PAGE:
Client Question: Harvest Season

November 3, 2022

When you think of this time of year and harvesting, your mind may go to crops and farming. But don’t forget about harvesting investment losses as well. This topic came up with a client recently who asked for a reminder on why it can be a useful strategy, especially in a down year such as 2022. Let’s review the highlights here but as always, your situation may vary and you should work with your tax and financial advisor before taking any action.

What are capital gains (and losses)?

Capital gains and losses represent the change in value of an investment security from the time you purchased it. If the price has increased, you have a gain – and if the price has decreased, you have a loss.

Wait – so any change in value is potentially taxable?

No! As the prices moves during the time you hold a security, those gains and losses are deemed unrealized and are not taxable events. It’s only when you realize a gain or loss (by selling the security, or by receiving a distribution from a mutual fund), that taxes enter the equation

Does it matter how long I hold the security?

Yes. If you hold a security for under a year and realize a gain/loss, it is deemed short term. Anything over a year is long term.

What implication do these capital gains and losses have on taxes?

That answer is a crowd favorite – it depends!

First off, capital gains and losses only impact you in taxable accounts. As a result, the gains and losses in a retirement account (such as an IRA, Roth IRA, 401k) aren’t taxable events (only withdrawals from certain types of etirement accounts trigger taxes – not gains/losses or income generated within the accounts).

Secondly, as noted above, gains and losses only become potential tax events when realized. Prior to a sale (ie: as you hold the security and the price fluctuates), these gains and losses are deemed unrealized. It’s the sale of the security that makes it realized and brings taxes into the forefront.

Lastly, the tax consequences of capital gains and losses depends on your overall tax picture – including your income, tax brackets, other capital gains and losses, and any prior year net losses.

What’s the tax rate in play?

Short term capital gains are taxes as ordinary income but long term capital gains may be taxed at 0, 15, or 20% – depending on your income level.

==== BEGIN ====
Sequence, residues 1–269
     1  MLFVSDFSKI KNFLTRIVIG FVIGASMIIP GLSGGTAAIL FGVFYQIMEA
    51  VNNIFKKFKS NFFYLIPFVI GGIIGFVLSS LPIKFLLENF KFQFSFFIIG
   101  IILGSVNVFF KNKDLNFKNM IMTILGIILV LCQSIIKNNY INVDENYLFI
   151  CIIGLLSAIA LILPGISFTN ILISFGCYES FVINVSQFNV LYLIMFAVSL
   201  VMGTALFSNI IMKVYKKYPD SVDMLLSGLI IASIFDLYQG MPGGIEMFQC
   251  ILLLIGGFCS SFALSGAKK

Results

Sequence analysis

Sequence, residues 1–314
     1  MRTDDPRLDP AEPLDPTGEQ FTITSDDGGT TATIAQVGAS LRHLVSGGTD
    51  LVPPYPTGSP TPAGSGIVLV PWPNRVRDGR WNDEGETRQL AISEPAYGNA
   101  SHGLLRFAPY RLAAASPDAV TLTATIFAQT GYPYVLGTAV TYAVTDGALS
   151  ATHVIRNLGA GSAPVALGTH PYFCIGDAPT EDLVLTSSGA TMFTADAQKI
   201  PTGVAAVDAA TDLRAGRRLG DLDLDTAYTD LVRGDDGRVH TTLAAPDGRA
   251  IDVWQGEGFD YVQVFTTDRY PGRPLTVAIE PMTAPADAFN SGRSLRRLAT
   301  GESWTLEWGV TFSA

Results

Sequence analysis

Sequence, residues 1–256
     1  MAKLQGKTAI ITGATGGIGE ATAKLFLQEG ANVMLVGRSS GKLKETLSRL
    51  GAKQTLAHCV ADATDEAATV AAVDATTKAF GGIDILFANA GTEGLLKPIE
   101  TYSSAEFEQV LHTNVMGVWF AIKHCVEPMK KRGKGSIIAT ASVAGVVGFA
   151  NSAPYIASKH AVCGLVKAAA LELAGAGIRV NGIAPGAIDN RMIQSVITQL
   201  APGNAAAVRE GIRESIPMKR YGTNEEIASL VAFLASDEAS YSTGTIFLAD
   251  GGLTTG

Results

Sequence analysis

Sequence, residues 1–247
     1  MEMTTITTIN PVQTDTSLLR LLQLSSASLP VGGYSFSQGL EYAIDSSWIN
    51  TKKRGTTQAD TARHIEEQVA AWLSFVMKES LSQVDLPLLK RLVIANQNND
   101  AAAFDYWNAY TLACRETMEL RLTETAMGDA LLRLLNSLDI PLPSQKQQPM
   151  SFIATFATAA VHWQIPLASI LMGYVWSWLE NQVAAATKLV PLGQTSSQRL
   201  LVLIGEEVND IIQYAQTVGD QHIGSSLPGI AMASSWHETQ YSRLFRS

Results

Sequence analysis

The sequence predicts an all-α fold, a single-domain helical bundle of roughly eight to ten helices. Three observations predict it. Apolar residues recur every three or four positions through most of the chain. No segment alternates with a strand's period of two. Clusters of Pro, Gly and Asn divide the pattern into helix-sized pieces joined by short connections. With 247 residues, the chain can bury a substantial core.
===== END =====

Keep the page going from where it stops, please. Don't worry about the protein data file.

Do gains and losses offset one another?

Absolutely! It is a net calculation. If you have more gains than losses, you may be looking at net taxable gain in that year. If you have more losses than gains, you can deduct up to $3,000 of that net loss against your ordinary income and carryover the remaining amounts to future tax returns (to either offset gains or again be taken against ordinary income).

Keep in mind there is an order to the netting. A long-term loss would first be applied to a long-term gain, and a short-term loss would be applied to a short-term gain. If there are excess losses in one category, these can then be applied to gains of either type

How does harvesting fit in?

This is the idea of reviewing your taxable portfolio and seeing if there are any securities that may be in a loss position. If you do in fact have unrealized losses (ie: worth less than what you paid but not yet sold), you may consider selling them and realizing the losses. Why? You can use those losses to offset any realized gains (either on individual positions or distributed from mutual funds) – or worst case, take $3,000 off income this year and carry the losses to future years. Once sold, the loss is realized and you can reinvest the proceeds to maintain your investment allocation.

What do I need to watch out for?

Be careful how you reinvest the funds of securities sold. In order to get the tax loss (and avoid it being disallowed), you need to ensure that you do not reinvest the funds into a substantially similar security 30 days before or after the sale resulting in the loss. These are referred to as wash sale rules and deserve your full attention!

What should I do now?

As noted above, work carefully with your financial and tax advisor on this exercise. To prepare you for that, here is some homework items you can do in advance:

  1. Determine if you have taxable investment accounts
  2. Review those taxable accounts for any unrealized losses (review for unrealized gains too. You may wish to offset some against the losses to reduce position size, raise, cash etc)
  3. Determine if any mutual funds you hold will be distributing capital gains to you in the coming weeks
  4. Compile you other taxable income and deductions to get a full picture of your anticipated 2022 taxes
  5. Read another article about tax loss harvesting (including a few examples) here

Happy harvesting!

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